Christine Webber

I bumped into a friend the other day. She’s generally so bright and breezy, but there was something different about her. 

It turned out she had fallen over in the street a few days previously. “I was rushing and not looking where I was going,” she admitted. But then she added, “the trouble is I keep worrying I might do it again. And I feel I’ve lost lots of confidence”. 

Unfortunately, a dip in confidence is fairly common as we age.   

Retirement is a regular culprit. I know a man who had a wonderful career in the medical profession but who, two years after leaving work, tells me his confidence has plummeted.

Recently, he was approached to chair a committee. It’s something he’d like and is interested in. But he wonders whether he’s “quite the man I was”. 

A bout of flu or Covid can cause us to lose confidence in our normal fitness and we worry we won’t fully recover.   

The death of a partner can cause a confidence-dip.

Alongside the sorrow, many individuals are plagued by anxiety that they haven’t the ability at this stage in life to deal with all the changes being thrust upon them.

Someone I follow on Twitter lost his husband a few weeks ago and posted: “Last time I was single, my mum was alive”.

That felt like a very wistful message. His words seemed to highlight how timid and unsure and lonely he was. We never grow out of wanting a bit of comfort from mum, do we?

So, I thought we’d look at confidence problems this week and try to put them in perspective.

First, may I emphasise I’m writing about temporary difficulties. It’s a different situation if you’re facing something hugely serious like your last illness.

But if you are, I bet you’re doing all you can to find positives in every day, and ways of boosting your confidence.

All the people I know who have suffered a terminal condition have been fantastic at small gestures like putting on a blue shirt to bring out the colour of their eyes, or finding a lipstick that lights up the face.

Such acts help individuals to feel they’re the same person they always were and tend to bring joy to even the darkest of days.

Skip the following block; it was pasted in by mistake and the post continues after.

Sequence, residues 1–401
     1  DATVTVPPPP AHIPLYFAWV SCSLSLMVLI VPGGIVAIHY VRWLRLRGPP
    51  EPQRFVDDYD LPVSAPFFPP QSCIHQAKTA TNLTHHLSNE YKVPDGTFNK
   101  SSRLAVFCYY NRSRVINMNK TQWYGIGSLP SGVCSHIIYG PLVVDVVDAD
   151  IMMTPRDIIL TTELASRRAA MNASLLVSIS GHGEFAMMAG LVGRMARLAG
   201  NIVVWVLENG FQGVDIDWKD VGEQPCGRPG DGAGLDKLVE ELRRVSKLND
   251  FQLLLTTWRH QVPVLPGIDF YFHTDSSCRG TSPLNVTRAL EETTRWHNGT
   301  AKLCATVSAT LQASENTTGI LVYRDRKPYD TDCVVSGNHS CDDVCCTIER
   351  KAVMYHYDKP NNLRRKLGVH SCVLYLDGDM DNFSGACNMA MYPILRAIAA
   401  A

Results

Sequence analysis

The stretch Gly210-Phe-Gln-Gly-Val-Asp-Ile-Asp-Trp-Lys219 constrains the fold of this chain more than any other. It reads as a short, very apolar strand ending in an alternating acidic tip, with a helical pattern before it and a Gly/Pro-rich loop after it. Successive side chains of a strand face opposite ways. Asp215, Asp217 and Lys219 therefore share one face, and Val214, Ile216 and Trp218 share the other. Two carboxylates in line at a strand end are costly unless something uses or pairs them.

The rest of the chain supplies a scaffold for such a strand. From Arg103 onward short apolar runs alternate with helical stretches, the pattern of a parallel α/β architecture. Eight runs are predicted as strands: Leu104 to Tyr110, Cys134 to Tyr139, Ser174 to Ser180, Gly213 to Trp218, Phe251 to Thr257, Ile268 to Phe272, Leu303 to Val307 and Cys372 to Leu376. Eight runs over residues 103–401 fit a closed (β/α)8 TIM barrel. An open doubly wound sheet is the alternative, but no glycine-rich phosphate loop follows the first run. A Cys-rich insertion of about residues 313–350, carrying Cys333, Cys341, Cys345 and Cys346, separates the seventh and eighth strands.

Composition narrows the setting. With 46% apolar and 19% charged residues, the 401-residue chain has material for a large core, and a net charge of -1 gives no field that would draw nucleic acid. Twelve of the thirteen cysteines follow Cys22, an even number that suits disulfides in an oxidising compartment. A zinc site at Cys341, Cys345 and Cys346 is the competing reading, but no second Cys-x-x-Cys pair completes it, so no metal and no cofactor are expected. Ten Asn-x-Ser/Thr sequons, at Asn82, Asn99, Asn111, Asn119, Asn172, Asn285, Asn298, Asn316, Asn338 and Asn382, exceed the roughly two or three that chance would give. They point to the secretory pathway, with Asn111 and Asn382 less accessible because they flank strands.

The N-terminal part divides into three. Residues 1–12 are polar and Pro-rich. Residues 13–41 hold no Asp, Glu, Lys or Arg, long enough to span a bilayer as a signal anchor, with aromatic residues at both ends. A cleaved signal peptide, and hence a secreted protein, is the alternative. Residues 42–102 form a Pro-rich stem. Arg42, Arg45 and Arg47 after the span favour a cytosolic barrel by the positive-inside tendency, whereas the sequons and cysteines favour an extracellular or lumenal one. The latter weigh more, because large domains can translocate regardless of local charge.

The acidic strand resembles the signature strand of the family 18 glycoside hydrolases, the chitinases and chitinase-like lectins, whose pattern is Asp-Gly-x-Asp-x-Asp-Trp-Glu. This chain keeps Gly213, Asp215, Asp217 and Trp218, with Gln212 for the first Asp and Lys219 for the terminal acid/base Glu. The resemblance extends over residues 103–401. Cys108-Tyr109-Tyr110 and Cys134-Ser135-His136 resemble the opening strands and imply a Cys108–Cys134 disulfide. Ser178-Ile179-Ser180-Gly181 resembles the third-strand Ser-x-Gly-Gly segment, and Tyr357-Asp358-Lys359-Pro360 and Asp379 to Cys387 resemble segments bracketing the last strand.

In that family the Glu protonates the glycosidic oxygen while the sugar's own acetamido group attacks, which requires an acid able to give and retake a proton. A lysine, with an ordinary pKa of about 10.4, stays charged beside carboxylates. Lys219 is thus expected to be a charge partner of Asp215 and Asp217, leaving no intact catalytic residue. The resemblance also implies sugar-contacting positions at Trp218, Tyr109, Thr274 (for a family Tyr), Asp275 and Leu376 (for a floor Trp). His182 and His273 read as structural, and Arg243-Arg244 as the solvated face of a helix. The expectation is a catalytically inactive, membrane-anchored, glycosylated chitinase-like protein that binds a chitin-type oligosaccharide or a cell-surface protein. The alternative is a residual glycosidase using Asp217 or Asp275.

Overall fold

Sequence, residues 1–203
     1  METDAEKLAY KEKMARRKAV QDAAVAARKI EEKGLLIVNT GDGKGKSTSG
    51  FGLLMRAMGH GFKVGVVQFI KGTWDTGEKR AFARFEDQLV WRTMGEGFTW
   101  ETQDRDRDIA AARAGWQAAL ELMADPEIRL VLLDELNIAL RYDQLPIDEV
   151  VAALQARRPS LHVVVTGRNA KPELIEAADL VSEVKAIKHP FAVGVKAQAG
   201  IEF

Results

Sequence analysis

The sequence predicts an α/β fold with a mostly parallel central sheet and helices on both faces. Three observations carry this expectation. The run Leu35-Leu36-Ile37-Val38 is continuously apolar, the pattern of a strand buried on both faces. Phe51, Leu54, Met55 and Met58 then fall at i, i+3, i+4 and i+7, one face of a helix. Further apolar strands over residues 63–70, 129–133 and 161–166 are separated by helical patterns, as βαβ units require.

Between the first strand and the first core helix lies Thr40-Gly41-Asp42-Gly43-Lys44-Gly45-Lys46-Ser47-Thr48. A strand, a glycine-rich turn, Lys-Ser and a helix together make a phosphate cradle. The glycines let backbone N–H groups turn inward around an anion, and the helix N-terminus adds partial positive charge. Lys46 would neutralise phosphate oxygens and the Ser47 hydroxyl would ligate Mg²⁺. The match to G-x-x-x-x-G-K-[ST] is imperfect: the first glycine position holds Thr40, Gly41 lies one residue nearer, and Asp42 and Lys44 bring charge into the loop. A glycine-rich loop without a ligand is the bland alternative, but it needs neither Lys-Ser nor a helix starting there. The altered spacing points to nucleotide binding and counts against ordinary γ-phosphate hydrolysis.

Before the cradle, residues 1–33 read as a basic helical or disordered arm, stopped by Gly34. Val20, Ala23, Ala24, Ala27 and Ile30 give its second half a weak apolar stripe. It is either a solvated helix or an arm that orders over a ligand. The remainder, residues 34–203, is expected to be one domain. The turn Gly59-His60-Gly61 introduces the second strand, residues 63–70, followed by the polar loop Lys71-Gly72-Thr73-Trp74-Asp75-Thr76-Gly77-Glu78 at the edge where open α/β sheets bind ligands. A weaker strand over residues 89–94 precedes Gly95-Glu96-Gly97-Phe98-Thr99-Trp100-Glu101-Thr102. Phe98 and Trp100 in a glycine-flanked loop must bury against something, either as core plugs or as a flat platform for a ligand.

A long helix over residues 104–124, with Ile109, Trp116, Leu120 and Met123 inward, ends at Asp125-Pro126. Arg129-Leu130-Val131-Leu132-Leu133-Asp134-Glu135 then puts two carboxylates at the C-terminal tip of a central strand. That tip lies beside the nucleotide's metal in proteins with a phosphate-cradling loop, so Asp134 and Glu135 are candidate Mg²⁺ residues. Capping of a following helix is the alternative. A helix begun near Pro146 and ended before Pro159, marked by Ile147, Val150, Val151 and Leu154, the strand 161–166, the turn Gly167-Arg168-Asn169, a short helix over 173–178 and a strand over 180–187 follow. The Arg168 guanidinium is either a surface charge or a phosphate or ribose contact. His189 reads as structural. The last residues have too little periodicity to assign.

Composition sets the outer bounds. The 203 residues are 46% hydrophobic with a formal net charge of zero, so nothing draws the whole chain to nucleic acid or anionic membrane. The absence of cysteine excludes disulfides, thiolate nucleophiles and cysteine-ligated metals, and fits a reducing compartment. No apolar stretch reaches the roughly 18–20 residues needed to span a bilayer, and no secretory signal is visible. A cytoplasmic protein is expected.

But let’s concentrate here on those who are feeling diminished by current events even though they’re unlikely to be permanent.

And let’s do it by being as logical as possible. 

Frequently, we feel worse than we need because we imagine the worst. It’s important therefore to challenge those negative thoughts. And to ask if there’s any real evidence for them.  

The truth is that it’s unlikely my friend will suffer long-term from her fall. She should remember, as I do, that in our younger days, we often crashed to the pavement because we were running for a bus in ridiculously high heels. I fell regularly. Far more than I have done in my more senior years. 

As for the former medic, if he challenges his thoughts, he’ll probably realise that there’s no reason for him to have lost the ability to speak in public or chair a meeting.

He’s probably just out of practice. As for my Twitter companion, sadly, he’ll be grief-stricken for a while, but I honestly believe that if thinks logically, he’ll find the confidence and reserves to cope. 

None of us has a crystal ball. But if we look at how we’ve dealt with blows through life, we should be able to reframe our thinking about our futures into something less gloomy – and then our confidence will increase. 

There are plenty of other ways we can lift our moods and enhance our confidence.

Usually, the most effective ones are those that prove to us we can still easily accomplish tasks as we’ve always done.  

  1. Get a new haircut or buy a brightly coloured top. When we lack confidence, we tend to pay less attention to our appearance, but this is the time we should focus on it.
  2. Take a trip down memory lane. Remember an occasion when you gave a brilliant presentation. Or how you passed a crucial exam when you were also holding down a busy job. Or how you raised three children when you had practically no money. Recalling your past skills will build confidence now. 
  3. Get together with old friends. Your confidence will grow in their company as you feel their love and appreciation for you. 
  4. Tackle routine tasks you’ve been putting off, but which will give you a sense of achievement once done – clear out a cupboard that is overflowing with unwanted stuff or paint your bedroom. Getting on with things is almost always beneficial.  
  5.  Never, even in jest, shout at yourself “You’re an idiot”. You’re not. And this is an unhelpful message to give to your brain.  

We all have ups and downs, as we have done through life. Sometimes the reverses of older age sap our confidence but it’s important to nip that in the bud before it takes hold.

Our confidence hasn’t deserted us. It’s just taken a knock and needs nurturing.

We can do that!